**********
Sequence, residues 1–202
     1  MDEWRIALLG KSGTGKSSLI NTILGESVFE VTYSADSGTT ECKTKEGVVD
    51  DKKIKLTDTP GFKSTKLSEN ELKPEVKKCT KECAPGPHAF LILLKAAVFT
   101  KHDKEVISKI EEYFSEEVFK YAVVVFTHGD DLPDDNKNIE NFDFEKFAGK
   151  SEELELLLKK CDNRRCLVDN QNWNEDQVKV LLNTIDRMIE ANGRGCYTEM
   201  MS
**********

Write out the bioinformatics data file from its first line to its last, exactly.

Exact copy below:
Sequence, residues 1–202
     1  MDEWRIALLG KSGTGKSSLI NTILGESVFE VTYSADSGTT ECKTKEGVVD
    51  DKKIKLTDTP GFKSTKLSEN ELKPEVKKCT KECAPGPHAF LILLKAAVFT
   101  KHDKEVISKI EEYFSEEVFK YAVVVFTHGD DLPDDNKNIE NFDFEKFAGK
   151  SEELELLLKK CDNRRCLVDN QNWNEDQVKV LLNTIDRMIE ANGRGCYTEM
   201  MS